Turkey says shares pain over 1915 Armenian killings
The Turkish government says Ankara shares Armenians' pain over the 1915 killings of their ancestors during the Ottoman era in Turkey
The Turkish government says Ankara shares Armenians' pain over the 1915 killings of their ancestors during the Ottoman era in Turkey.
Prime Minister Ahmet Davutoglu made the comments in a statement released on Monday ahead of the 100th anniversary of the massacre.
"We once again respectfully remember and share the pain of grandchildren and children of Ottoman Armenians who lost their lives during deportation in 1915," said Davutoglu.
Armenians say up to 1.5 million Armenian Christians were systematically slaughtered in eastern Turkey through mass killings, forced relocations and starvation- a process that began in 1915 and took place over several years during the World War I and the breakup of the Ottoman Empire.
However, Ankara refuses to describe the massacre as "genocide" and says 300,000 to 500,000 Armenians, and at least as many Turks perished between 1915 and 1917, and they were the casualties of World War I.
The Turkish prime minister reiterated that his country does not accept that the massacre should be defined as a genocide, saying "to reduce everything to a single word, to put responsibility through generalizations on the Turkish nation alone... is legally and morally problematic."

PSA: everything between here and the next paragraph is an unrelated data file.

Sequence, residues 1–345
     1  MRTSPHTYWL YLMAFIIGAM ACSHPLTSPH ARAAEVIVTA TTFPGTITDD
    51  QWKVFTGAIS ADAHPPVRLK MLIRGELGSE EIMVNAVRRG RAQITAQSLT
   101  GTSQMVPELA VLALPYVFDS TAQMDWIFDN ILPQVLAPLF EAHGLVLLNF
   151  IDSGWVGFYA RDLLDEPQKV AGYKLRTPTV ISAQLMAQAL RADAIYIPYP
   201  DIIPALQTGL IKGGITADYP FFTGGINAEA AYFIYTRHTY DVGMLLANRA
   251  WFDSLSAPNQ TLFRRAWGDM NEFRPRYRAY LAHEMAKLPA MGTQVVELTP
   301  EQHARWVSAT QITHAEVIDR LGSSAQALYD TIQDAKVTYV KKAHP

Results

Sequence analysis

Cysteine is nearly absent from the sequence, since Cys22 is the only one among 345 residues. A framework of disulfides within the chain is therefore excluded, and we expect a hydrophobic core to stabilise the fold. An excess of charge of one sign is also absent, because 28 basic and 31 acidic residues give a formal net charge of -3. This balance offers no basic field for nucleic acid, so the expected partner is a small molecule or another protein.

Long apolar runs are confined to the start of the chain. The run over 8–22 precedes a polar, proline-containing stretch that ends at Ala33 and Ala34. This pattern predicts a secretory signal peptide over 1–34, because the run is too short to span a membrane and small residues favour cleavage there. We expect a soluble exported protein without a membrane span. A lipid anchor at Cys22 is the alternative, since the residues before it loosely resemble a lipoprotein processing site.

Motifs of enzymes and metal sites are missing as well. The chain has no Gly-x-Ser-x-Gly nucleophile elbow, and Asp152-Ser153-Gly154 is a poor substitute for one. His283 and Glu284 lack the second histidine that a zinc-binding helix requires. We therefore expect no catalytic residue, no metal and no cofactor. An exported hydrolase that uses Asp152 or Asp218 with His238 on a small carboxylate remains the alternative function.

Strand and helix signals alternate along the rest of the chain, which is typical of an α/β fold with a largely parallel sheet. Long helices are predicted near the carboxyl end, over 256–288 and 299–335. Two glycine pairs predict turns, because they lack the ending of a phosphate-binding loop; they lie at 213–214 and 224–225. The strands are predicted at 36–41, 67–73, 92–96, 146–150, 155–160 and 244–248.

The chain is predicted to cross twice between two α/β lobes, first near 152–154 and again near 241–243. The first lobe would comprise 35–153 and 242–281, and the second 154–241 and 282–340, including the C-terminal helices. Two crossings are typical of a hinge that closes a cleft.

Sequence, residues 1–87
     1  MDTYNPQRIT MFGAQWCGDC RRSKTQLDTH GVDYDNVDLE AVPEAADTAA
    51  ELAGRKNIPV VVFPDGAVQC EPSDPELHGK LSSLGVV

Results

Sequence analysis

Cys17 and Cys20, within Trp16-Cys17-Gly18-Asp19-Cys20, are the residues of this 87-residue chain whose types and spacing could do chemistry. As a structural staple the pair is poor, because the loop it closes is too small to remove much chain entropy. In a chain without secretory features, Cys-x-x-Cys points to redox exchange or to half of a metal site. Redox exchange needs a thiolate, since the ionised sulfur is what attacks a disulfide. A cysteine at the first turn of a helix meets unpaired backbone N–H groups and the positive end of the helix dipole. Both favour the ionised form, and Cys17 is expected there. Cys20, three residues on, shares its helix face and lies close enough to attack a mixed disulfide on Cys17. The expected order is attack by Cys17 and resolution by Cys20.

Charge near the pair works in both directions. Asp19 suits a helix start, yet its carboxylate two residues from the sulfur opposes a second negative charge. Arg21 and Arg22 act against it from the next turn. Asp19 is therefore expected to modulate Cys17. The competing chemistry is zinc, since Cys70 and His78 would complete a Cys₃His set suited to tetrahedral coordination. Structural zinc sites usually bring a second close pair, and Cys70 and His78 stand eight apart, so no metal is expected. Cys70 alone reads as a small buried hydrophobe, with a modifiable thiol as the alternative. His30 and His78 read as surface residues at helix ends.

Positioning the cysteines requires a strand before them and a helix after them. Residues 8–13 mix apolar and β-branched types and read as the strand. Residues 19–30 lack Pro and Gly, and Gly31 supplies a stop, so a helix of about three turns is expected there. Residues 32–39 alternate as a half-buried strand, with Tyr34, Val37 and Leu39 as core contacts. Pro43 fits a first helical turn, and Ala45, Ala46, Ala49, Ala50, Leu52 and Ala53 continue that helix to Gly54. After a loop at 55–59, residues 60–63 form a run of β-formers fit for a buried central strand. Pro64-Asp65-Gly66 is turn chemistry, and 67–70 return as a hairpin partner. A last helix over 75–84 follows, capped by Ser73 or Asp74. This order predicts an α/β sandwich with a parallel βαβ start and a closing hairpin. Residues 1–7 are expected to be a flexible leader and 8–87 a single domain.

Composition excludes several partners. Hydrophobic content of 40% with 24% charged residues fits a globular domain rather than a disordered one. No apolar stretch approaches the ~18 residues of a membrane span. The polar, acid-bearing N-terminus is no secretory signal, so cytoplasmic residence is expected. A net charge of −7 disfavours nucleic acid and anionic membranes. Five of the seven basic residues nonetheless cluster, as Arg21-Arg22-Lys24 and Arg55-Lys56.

Davutoglu said all Ottoman citizens suffered during that time and demanded that "human bonds" forged during centuries of coexistence in Anatolia, located in today's eastern Turkey, be re-established between Turks and Armenians.
"During the last years of the Ottoman Empire, Ottoman citizens who for centuries had lived together in peace and fraternity suffered great torments," said Davutoglu.
In addition, the prime minister warned "third parties" against reopening "historical wounds," saying measures should be taken for a peaceful future based on "fair memory."
On April 17, Davutoglu censured the European Parliament over the adoption of a resolution which urges Ankara to acknowledge its historic responsibility for the massacre of Armenians during World War I, and pave the way for "a genuine reconciliation" with Yerevan.
Davutoglu argued that such a statement took no notice of the suffering of Muslim Turks at the time, and ran the risk of fomenting hatred towards other non-Christian religious groups.
"This issue is now beyond the Turkish-Armenian issue. It's a new reflection of the racism in Europe," Davutoglu said at the time.
A number of countries - namely Armenia, Argentina, Belgium, Canada, France, Italy, Russia and Uruguay - have formally recognized the incident as "genocide."